AOL: 3 Signs We're Heading for a Recession

Zero. Zilch. Nada. That's the number of jobs created in August 2011.

By itself, it's just a single data point. And while the U.S.'s gloomy employment situation is distressing, that figure alone is no reason to hit the panic button.

Does that mean our economy is on the mend -- or at least that we've hit the bottom and there's nowhere to go but up? Hardly.

In fact, we've got a four-alarm economic fire burning: Take the employment situation, add the state of consumer confidence, and top it off with Wall Street skittishness, and all signs point to trouble ahead.

Who Says We're Heading into Recession, Act II?

Not Ben Bernanke. In his Jackson Hole speech, he said, "I expect the economy to continue to expand in the second half of this year, albeit at a relatively modest pace." That's a whole lot of nothing, but what else is our Federal Reserve chairman going to say? He can't say we're heading for a recession. We have to look at the data and make up our own minds.

So we turn to the professionals that dissect the economy's every twitch and flutter. Of course, these are the same economists who believed economic growth would pick up during the second half of 2010. Yet growth slowed down.

Then they tweaked the timeline and announced that the first half of 2011 was when things would really start rocking again. Really? The government recently revised its first- and second-quarter annualized growth to 0.4% and 1%, respectively. Those aren't exactly on up-tempo beats.

Now we're told that economic growth will strengthen as we head into 2012. I'm beginning to wonder if economists are looking at the same stats I'm seeing.

The Writing's on the Wall

Despite being one of the best systems in the world, the U.S. economy is not poised for rapid growth anytime soon. In fact, the signs are stronger than ever that we're heading into Recession, Act II. Here are three reasons why.

1. It's the jobs, stupid.
Let's start with the stunningly awful jobs report in August.

Persistent, high unemployment is a big problem. Lakshman Achuthan, managing director of the Economic Cycle Research Institute, summed the situation up perfectly for CNN Money by saying, "When employment drops, incomes fall. When income falls, sales fall. When sales fall, production falls. When production falls, employment falls."

How can unemployment come down if our economy isn't growing? And how can the economy grow if there's no job creation? Case in point, Cisco (CSCO) and Research In Motion (RIMM), in the face of declining profits, announced they will be laying off 6,500 and 2,000 employees, respectively. Until we break this cycle, high unemployment will continue to be a drag on economic growth.

2. Job jitters = pinched pocketbooks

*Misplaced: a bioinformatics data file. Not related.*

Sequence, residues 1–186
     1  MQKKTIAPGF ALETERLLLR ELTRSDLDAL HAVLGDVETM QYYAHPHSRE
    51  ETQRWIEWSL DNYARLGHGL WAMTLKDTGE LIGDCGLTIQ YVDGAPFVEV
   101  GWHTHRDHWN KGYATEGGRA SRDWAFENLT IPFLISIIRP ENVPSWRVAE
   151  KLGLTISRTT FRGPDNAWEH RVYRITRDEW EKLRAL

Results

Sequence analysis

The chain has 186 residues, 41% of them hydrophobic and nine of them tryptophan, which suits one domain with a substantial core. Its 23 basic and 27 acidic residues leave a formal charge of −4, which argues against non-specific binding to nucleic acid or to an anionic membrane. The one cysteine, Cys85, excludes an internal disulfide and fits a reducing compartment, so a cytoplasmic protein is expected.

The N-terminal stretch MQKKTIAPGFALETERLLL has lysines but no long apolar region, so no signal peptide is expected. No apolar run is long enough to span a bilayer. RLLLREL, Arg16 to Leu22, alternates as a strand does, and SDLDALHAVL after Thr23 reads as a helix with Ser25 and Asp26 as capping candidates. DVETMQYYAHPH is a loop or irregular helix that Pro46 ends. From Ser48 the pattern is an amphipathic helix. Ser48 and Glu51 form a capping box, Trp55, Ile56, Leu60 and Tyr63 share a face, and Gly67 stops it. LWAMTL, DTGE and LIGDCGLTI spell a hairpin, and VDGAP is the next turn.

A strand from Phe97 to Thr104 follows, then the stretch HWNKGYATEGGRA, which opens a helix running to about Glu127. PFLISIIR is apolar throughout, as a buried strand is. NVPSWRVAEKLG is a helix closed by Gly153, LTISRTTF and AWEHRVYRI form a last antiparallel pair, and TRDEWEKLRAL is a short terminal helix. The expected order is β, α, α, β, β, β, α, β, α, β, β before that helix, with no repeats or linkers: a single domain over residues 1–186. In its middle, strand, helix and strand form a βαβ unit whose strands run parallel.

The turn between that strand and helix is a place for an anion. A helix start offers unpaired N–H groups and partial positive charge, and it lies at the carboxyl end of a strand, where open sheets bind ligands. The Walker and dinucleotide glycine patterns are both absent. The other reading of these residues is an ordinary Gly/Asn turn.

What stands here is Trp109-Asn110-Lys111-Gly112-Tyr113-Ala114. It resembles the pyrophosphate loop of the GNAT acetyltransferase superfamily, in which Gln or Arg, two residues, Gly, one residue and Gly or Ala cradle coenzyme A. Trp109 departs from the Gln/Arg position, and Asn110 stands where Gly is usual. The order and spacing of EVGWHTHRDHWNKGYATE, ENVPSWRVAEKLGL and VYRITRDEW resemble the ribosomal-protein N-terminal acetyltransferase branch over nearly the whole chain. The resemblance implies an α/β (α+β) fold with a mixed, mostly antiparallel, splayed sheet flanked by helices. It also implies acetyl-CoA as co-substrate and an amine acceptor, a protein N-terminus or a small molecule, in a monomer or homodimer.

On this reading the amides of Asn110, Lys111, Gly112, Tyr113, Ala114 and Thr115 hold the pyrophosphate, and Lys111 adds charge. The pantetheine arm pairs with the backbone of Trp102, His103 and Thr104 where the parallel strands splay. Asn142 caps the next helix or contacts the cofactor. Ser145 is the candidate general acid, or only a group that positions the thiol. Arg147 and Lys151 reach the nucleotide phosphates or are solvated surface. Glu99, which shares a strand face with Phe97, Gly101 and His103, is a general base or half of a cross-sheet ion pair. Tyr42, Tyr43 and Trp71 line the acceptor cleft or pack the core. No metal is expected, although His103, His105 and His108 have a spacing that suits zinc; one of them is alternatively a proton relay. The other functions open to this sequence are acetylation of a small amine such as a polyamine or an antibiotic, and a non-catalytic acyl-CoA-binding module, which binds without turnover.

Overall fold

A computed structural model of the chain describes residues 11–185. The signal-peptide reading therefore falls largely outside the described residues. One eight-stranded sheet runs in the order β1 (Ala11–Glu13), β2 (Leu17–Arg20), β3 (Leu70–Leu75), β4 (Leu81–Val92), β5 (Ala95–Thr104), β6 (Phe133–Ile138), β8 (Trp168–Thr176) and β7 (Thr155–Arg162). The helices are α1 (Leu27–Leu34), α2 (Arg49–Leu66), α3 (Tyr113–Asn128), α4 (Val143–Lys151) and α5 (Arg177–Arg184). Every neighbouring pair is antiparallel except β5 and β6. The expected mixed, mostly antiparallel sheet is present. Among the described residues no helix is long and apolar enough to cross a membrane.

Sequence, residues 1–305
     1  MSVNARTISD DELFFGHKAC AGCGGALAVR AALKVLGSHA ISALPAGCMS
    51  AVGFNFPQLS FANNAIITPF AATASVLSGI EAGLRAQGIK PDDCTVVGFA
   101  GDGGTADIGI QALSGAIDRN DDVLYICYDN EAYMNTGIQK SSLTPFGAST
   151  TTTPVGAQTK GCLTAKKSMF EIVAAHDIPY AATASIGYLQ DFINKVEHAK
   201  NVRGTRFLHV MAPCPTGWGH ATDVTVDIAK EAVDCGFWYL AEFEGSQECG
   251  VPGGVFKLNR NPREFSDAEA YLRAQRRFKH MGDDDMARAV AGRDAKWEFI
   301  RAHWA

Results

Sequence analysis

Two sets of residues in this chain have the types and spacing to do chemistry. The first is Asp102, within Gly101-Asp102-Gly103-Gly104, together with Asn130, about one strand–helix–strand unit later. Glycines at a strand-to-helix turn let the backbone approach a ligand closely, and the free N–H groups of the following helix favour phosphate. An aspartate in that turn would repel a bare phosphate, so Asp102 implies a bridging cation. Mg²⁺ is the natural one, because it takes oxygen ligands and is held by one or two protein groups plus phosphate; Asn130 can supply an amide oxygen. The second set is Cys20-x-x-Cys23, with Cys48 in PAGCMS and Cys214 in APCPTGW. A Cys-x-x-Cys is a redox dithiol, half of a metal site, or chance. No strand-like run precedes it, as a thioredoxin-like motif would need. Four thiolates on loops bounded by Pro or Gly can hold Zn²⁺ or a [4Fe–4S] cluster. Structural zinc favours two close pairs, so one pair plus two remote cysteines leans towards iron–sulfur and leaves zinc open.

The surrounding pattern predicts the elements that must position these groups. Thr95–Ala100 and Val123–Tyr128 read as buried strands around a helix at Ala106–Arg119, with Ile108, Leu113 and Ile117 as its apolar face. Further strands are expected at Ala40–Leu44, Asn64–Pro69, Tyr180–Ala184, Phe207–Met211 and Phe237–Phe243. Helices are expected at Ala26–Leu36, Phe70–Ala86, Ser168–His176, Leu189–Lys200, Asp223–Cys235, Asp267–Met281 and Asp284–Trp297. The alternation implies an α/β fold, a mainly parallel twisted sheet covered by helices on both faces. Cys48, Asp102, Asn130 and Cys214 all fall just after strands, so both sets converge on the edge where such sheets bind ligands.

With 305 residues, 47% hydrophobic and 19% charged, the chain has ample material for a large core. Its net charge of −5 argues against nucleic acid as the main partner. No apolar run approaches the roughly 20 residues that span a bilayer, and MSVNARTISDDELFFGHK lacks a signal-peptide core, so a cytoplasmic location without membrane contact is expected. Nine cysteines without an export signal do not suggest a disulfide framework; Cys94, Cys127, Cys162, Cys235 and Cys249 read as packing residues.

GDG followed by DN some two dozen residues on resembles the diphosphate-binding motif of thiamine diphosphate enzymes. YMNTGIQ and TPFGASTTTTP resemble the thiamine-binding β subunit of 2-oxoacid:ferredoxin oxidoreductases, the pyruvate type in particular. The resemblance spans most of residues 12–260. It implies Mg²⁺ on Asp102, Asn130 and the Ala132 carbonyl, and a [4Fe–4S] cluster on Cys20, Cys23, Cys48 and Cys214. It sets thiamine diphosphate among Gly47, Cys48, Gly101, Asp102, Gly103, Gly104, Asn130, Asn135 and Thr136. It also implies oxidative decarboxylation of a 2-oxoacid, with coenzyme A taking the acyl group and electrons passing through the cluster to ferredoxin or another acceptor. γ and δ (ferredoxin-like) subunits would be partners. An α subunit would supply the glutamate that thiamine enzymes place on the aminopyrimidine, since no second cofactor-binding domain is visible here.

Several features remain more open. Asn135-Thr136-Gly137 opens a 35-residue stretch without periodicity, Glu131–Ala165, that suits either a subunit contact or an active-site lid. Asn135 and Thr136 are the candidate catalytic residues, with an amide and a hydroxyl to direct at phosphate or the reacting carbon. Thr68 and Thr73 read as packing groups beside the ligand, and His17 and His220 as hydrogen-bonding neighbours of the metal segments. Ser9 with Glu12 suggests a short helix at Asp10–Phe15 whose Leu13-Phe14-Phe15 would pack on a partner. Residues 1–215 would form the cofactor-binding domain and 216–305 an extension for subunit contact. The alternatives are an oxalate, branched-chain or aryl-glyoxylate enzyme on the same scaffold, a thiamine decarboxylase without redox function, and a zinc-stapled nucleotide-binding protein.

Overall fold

If people can't find jobs or are worried about the ones they have, how can they be confident about spending money? The answer is they can't. Consumer confidence crumbled in August, with the Confidence Board's index falling from 59.2 in July to 44.5 in August.

To put consumer confidence in better perspective, let's look at the domestic same-store sales of Wal-Mart (WMT) and Costco (COST). Same-store sales, excluding gasoline sales, dropped for the ninth consecutive quarter at discount giant Wal-Mart. Contrast that with Costco's same-store sales trend: The warehouse retailer made it seven quarters in a row of positive comps.

Unlike higher-end Costco members, the average Wal-Mart consumer continues to feel the pinch of the lackluster recovery. He or she has plenty of reasons to worry going forward. Those concerns will show up in lower sales in the future.

3. A stressed consumer = a distressed Wall Street
Wall Street is also feeling Main Street's jitters. The S&P 500 has fallen more than 13% since peaking on July 7, 2011, and there is fear in investors' eyes. Investors continue to pull money out of mutual funds, making a flight to safety. The price of gold is near $1,900 an ounce and 10-year Treasury yields dipped below 2%. Those aren't signs of confident investors.

Companies, flush with cash, are starting to buy back shares. That's not a good thing. It means that they are not investing in physical or human capital because they don't see enough demand on the horizon. Investors want to believe that companies are repurchasing shares because stock prices are attractive. Unfortunately, companies have a history of buying lots of shares at high prices rather than low ones.

Fearful investors are good for those looking to buy stocks in the future, not for those that currently own equities. It's sad but true. Stock prices fall as fear grows. Consumers who feel less wealthy tighten their purse strings, spend less money, and drag the economy down with them.

Someone's Gotta Say It

For me, these three signs point to another recession. The employment situation remains gloomy. Consumer confidence continues to crumble and investors are starting to get scared. Our economy runs on confidence and there's just not enough to keep it from contracting in the near future.

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